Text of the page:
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Custom Rehab Week 01

This upcoming project is a little different from my usual ones. This is a rehab. This custom dollhouse belongs to a neighbor and she was ...

Thursday, August 9

My Second Beacon Hill Dollhouse Day 8

Today I began the gothic window/French door. That should be fun to put in and I might as well do it since that room is finished inside and I have enough siding outside.

Just like in my first Beacon Hill, I will be making this a window. You have to decide what color you want it to be. All of these window parts have to be painted completely before they are assembled. You have to paint front, back and all edges, even if you think they will be hidden. You do not want for any bare wood to show when you are looking through your window. After all the paint was dry, I started by assembling the cases where the plastic windows go. I assembled the two sides and the door and used binder clips to clamp them, sandwiched together. I assembled the exterior trim separately. I also used binder clips to clamp them together.

After they were dry, I fitted in the three casings, sides and door into the opening. Thankfully, they went in very easily. I had no need to use any type of force or hammering. They went right in and completely flush with the walls. This is great news because this window is the whole focal point of the dollhouse when looking at it from the front. It must come out perfect. After they were perfectly aligned, I glued the whole assembled trim over them. Fit it so that it's perfectly even with the casings. I loved the way it came out. The siding posed no problems in installing this window so I’m thinking that I won't have any problems with the rest. I installed the interior trim as well.

I continued working on the vertical trim. The trim creates a notch or groove on each corner. It's suppose to be that way. To smooth out your notches, in case they have gaps, spackle them until they are nice and smooth. I spackled mines and I also spackled the mansard vertical trim joints. You can make a square corner without notches by overlapping the front trim to the side one. I opted to do that on my first Beacon Hill.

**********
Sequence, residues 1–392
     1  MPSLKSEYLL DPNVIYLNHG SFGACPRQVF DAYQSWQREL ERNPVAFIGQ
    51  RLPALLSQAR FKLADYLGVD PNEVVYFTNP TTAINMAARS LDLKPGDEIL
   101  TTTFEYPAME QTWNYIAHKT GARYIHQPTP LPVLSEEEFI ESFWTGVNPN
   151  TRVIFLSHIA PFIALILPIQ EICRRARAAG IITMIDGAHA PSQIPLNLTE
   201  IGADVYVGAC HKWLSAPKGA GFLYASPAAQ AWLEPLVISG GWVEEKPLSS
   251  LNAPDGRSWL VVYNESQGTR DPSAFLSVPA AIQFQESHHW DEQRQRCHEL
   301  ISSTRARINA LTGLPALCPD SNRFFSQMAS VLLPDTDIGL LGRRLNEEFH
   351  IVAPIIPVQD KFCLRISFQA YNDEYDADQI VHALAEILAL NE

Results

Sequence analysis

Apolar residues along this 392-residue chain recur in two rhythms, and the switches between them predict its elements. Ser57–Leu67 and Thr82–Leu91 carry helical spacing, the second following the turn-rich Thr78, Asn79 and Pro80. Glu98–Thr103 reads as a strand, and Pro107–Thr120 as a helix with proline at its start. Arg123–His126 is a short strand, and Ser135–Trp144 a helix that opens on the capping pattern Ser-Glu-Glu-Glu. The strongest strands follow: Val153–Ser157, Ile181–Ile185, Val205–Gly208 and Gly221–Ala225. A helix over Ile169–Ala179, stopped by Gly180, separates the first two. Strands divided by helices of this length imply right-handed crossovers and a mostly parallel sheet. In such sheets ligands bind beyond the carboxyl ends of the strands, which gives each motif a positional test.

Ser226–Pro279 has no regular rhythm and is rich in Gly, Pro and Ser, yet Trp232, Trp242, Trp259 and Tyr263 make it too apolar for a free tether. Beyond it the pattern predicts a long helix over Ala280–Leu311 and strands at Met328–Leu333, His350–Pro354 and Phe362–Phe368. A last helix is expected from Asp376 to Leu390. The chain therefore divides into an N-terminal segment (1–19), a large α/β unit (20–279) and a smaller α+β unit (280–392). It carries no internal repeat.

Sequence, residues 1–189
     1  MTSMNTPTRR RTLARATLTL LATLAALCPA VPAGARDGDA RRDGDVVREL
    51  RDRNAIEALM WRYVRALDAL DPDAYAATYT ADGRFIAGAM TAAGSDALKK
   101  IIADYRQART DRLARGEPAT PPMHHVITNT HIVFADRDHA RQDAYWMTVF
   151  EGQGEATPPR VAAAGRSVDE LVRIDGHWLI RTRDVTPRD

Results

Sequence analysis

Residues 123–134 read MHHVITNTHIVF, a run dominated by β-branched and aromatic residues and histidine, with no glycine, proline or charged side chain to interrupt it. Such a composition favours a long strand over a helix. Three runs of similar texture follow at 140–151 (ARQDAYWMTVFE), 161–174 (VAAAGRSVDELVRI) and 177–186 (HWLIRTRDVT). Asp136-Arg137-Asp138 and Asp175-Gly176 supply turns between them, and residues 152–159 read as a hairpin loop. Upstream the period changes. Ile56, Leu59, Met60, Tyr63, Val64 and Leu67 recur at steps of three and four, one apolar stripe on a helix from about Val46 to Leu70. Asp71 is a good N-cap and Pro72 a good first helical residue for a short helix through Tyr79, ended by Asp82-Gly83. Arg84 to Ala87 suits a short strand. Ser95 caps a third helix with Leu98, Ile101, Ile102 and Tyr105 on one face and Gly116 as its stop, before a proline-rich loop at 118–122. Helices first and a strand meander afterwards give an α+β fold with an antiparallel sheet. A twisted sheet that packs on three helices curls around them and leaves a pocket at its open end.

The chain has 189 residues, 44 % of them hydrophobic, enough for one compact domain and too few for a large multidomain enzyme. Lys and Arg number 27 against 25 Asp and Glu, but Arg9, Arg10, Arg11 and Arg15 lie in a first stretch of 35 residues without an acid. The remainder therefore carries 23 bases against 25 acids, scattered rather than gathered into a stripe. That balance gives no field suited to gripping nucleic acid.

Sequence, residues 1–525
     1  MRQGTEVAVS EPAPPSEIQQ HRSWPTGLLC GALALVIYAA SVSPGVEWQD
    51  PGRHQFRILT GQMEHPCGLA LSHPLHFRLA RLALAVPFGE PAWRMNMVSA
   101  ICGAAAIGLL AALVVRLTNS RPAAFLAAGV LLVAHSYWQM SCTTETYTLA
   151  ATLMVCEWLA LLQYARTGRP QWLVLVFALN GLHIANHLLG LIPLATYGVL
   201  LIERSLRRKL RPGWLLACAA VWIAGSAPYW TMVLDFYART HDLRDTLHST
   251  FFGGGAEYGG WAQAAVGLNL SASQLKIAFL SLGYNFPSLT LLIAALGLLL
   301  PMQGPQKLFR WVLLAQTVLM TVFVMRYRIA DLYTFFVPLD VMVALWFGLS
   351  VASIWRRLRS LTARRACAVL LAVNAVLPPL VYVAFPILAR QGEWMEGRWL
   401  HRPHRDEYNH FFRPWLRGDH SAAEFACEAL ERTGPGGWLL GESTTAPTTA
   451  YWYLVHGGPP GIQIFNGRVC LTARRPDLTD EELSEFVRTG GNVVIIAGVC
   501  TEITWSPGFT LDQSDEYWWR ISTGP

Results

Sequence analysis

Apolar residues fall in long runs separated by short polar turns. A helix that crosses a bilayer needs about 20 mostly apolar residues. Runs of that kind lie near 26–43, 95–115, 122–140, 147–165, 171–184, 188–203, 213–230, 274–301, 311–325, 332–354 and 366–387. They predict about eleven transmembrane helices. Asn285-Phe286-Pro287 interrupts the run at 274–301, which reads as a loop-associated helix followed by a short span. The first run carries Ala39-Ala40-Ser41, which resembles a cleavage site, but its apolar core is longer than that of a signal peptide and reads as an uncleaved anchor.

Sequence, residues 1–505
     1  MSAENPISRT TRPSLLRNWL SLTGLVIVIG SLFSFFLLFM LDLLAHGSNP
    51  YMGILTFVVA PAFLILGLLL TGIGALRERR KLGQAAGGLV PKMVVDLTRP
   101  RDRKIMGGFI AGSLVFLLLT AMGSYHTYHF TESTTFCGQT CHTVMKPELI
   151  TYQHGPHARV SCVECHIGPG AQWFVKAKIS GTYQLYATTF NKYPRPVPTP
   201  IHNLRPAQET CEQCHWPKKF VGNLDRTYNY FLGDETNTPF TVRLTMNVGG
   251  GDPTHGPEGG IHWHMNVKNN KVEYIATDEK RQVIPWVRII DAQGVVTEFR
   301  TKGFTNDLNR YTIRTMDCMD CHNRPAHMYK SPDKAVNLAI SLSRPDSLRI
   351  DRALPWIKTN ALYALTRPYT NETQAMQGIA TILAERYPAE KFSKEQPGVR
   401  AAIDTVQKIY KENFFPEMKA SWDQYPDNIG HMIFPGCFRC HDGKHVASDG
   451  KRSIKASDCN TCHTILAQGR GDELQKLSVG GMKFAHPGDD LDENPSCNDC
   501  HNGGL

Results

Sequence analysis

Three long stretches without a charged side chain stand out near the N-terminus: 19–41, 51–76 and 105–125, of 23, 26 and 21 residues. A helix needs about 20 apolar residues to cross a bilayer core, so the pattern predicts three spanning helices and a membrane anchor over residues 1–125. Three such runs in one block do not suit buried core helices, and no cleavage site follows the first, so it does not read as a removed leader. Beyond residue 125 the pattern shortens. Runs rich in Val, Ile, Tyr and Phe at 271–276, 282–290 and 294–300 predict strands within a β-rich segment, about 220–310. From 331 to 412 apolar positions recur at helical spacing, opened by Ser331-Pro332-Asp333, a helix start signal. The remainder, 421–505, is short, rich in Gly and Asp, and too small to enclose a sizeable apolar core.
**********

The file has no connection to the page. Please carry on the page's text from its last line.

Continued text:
Since I’m back on the mansard roof, I began putting in the horizontal top trim. No matter how well you put this trim on, it always leaves a kind of rough look where it meets the vertical trim. I spackled it and painted it but I’m not going to become too overly concerned with it because I plan on putting decorative trim over it. The trim I plan to use has small holes you can see through. This is why I am putting on the dollhouses vertical trim anyways, despite the fact I will be covering most of it. That way when you look through the holes, it will be white back there and not look like there’s some gap behind it especially over the vertical trims.

You have to lay all of this trim down before you shingle. Once it's dry, I took the paper templates I had made of the mansard roofs and put each one over them to see what needed to be trimmed. I creased all around them, centering the window opening with the windows. I then cut off the excess and got perfect templates of the roofs.

These paper templates will be transferred to brown paper from grocery bags. Once I transferred them, I again dry fit the new patterns to make sure they were perfect and they were. I painted the bottom edges of the transfers with brown paint. I am not going to turn upside down the first row of shingles to achieve a straight line this time. I am going to leave them as octagons so there will be little areas that will show through. I thought the brown paint would cause a decorative effect with the light brown shingles. I glued the shingles on with hot glue.

I then stained them with the same stain I used on the interior floors and glued the entire pattern, after it dried, with tacky glue onto the dollhouse. Make sure you clamp well around the dormer window openings. I’m shingling before I put the dormer windows on. I plan on having nice and neat dormer windows by placing them over the shingles. The shingles will not interfere with these windows since they are mostly assembled away from the mansard roof.

I shingled the front of the dollhouse today. I installed the trim around the kitchen bay and the back edges of the main walls.

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